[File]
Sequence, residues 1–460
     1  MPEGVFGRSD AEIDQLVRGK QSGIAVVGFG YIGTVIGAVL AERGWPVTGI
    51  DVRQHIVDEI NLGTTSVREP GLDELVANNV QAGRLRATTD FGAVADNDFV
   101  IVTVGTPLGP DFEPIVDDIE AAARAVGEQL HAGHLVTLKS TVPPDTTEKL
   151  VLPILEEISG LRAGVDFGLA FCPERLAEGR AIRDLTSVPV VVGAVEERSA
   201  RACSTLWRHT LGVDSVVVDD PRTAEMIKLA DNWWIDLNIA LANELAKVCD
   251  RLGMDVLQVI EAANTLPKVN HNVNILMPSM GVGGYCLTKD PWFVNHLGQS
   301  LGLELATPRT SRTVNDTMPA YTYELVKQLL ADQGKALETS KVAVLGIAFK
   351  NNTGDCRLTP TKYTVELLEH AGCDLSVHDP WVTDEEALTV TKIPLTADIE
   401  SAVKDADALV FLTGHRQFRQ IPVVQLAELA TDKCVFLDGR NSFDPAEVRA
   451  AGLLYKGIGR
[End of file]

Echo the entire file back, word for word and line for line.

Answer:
Sequence, residues 1–460
     1  MPEGVFGRSD AEIDQLVRGK QSGIAVVGFG YIGTVIGAVL AERGWPVTGI
    51  DVRQHIVDEI NLGTTSVREP GLDELVANNV QAGRLRATTD FGAVADNDFV
   101  IVTVGTPLGP DFEPIVDDIE AAARAVGEQL HAGHLVTLKS TVPPDTTEKL
   151  VLPILEEISG LRAGVDFGLA FCPERLAEGR AIRDLTSVPV VVGAVEERSA
   201  RACSTLWRHT LGVDSVVVDD PRTAEMIKLA DNWWIDLNIA LANELAKVCD
   251  RLGMDVLQVI EAANTLPKVN HNVNILMPSM GVGGYCLTKD PWFVNHLGQS
   301  LGLELATPRT SRTVNDTMPA YTYELVKQLL ADQGKALETS KVAVLGIAFK
   351  NNTGDCRLTP TKYTVELLEH AGCDLSVHDP WVTDEEALTV TKIPLTADIE
   401  SAVKDADALV FLTGHRQFRQ IPVVQLAELA TDKCVFLDGR NSFDPAEVRA
   451  AGLLYKGIGR